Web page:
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[Abstract Algebra] GCD and Relatively Prime Proof

  1. Feb 20, 2016 #1

    RJLiberator

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    Gold Member

    1. The problem statement, all variables and given/known data
    If [itex]gcd(f(x),g(x)) = 1[/itex] and m,n ∈ ℕ, show that [itex]gcd(f(x)^m, g(x)^n) = 1[/itex].

    2. Relevant equations


    3. The attempt at a solution

    So I had previously proved this for non-polynomials:

    gcd(a,b)=1
    then gcd(a^n,b^n)=1

    Proof: a = p1*p2*...*pn
    b = p1*p2*...*pm

    then
    a^n = p1^n*p2^n*...*pn^n
    b^n = p1^n*p2^n*...*pm^n

    Since a and a^n have the same prime factors and b and b^n have the same prime factors and a and b are relatively prime then a^n and b^n are relatively prime.



    I guess, I am looking at this question from the same point of view.

    Is there a difference here with polynomials? Why would there be?
     
  2. jcsd
  3. Feb 20, 2016 #2

    fresh_42

    Staff: Mentor

    As long as the underlying ring or field is of characteristic zero there shouldn't be a difference. (Not quite sure about other characteristics.)
    However, your proof with the numbers uses the fact that you have a unique integer factorization into primes. You need to assure this for your polynomial ring if you want to adapt the same proof. As far as I can remember this is true for an integral domain. Another proof could be with contradiction: assume there is an irreducible ##p=p(x)## with ##p|f^n## and ##p|g^m##.
     
  4. Feb 20, 2016 #3

    RJLiberator

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    How is this proof:

    Since f and g are relatively prime, by Bezout's Identity there exists polynomials p and q such that fp+gq = 1.
    Take the (2n-1)th power of both sides.
    Any term of the binomial expansion of (fp+gq)^(2n-1) is divisible by one of the f^n or g^n.
    Therefore:
    1 = (fp+gq)^(2n-1) = f^nP+g^nQ
    for some polynomials P and Q. It follows that f^n and g^n are relatively prime.

    But does this hold for f^n and g^m ? (different degrees) hm...

    I don't think so, right? Since we use (2n-1) as the exponential.
     
  5. Feb 20, 2016 #4

    RJLiberator

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    Perhaps this is cleaner / better:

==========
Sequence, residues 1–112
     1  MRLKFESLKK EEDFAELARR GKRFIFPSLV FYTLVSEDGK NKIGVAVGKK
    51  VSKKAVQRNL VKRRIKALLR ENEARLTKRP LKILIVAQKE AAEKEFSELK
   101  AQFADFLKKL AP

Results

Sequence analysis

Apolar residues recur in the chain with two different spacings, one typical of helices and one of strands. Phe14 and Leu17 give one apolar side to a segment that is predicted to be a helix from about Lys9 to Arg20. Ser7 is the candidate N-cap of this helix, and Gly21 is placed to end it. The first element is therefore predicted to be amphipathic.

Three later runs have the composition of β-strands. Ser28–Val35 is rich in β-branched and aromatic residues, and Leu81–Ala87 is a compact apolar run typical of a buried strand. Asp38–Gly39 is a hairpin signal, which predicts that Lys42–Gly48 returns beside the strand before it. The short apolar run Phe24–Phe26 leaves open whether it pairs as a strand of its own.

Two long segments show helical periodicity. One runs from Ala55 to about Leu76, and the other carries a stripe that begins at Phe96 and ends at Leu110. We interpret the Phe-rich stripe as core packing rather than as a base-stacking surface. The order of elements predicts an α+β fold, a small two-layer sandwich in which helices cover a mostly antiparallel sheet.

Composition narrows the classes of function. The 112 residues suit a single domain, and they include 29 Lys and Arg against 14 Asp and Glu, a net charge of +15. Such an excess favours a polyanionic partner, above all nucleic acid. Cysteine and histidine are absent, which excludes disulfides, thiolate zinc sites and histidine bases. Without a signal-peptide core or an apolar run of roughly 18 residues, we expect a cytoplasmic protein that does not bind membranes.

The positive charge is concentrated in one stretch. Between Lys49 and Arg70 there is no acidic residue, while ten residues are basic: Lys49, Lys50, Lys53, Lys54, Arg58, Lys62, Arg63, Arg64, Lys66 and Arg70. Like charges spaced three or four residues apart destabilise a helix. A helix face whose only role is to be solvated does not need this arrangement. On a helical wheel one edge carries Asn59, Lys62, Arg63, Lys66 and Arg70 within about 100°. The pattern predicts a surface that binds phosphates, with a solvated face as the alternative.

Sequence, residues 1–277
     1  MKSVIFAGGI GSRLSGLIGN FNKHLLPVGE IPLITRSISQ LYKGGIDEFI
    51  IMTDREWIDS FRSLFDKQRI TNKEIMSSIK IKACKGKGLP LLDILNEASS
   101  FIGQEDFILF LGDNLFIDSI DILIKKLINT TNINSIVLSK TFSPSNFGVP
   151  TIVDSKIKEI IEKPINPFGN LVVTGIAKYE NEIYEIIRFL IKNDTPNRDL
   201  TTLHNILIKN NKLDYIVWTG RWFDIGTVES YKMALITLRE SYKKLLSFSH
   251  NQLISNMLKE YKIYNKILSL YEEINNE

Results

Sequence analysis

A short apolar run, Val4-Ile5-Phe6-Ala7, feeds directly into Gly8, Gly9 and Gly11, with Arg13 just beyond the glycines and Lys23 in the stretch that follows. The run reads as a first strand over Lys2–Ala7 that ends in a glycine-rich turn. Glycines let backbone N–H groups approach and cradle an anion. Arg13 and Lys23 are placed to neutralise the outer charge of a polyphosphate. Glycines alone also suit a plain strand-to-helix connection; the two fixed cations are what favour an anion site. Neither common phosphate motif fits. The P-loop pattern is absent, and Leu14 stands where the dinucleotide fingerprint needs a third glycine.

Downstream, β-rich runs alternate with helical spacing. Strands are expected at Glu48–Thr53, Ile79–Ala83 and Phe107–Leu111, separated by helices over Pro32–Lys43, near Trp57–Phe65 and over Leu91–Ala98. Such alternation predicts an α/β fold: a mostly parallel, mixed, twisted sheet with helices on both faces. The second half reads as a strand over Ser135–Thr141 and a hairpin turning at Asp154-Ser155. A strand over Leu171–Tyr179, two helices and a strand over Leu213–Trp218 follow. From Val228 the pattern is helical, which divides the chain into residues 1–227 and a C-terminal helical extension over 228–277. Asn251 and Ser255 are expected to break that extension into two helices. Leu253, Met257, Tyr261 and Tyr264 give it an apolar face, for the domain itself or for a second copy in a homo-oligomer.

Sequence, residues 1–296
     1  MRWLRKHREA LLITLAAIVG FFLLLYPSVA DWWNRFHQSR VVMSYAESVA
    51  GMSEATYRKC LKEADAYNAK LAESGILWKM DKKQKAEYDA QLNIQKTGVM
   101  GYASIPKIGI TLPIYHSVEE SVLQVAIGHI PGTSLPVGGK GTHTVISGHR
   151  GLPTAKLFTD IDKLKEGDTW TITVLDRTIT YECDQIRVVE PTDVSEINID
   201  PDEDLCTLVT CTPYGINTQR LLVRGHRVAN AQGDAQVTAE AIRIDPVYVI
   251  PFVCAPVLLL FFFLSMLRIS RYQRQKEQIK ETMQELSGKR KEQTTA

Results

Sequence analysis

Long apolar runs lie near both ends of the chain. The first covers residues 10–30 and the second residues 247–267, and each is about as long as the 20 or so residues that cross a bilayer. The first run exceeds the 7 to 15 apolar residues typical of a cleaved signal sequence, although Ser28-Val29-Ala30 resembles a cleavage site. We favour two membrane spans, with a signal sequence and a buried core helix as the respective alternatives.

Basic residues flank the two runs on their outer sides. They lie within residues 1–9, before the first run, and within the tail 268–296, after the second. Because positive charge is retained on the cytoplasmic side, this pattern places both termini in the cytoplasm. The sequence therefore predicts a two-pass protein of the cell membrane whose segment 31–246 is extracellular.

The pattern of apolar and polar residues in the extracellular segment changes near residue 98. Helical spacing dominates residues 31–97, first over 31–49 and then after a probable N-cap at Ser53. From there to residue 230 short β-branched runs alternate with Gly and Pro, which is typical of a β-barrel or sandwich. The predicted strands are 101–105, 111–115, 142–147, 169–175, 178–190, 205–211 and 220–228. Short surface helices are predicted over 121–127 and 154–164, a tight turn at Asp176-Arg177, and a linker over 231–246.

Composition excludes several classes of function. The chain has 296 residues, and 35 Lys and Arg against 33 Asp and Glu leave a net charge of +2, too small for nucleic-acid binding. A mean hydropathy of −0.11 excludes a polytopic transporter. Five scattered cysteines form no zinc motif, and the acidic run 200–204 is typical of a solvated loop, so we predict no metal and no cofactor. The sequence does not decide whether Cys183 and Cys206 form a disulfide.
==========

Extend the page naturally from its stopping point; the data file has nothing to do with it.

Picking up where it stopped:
Suppose p is a prime that divides gcd(f^n,g^m)
    then p divides f^n and hence divides f. Similarly for g^m. Since gcd(f,g)=1 no such p can exist.

    This is proven by:
    If p divides f^n, than p divides f. for n>1
    Proof using induction: true for n = 1
    Assume it is true for n.
    Then for n+1 p divides f^(n+1) = f*f^n implies that p divides f or it divides f^n. By hypothesis, p divides f.

    However, not sure how this incorporates polynomials or if i even need to (the question doesn't necessarily make any statement about polynomials just is the question stated)
     
  6. Feb 20, 2016 #5

    fresh_42

    Staff: Mentor

    Your first proof is wrong because not every term of the binomial expansion is divided by ##f^n##.
    Let's say ##p## is irreducible instead.
    ##n \geq 1##
    What is the underlying ring or field for the polynomials? ##ℤ##?
    This here is the crucial point: ##p|f \cdot f^n ⇒ p|f ∨ p|f^n##?
    Here I think you need the polynomial ring be an integral domain.
    E.g. if ##p(x) = x+1## and ##f(x)=2x## both in ##ℤ_4[x]## then ##p \nmid f## but ##p|f^2=4x^2=0##.
    However, I suppose ##ℤ[x]## or a polynomial ring over field of characteristic zero ##(ℚ[x],ℝ[x],ℂ[x])## is meant.
    Then everything looks ok.
     
  7. Feb 21, 2016 #6

    RJLiberator

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    Indeed. Thank you for analysis here. (as always)
    fresh_42, I bow to you!
     
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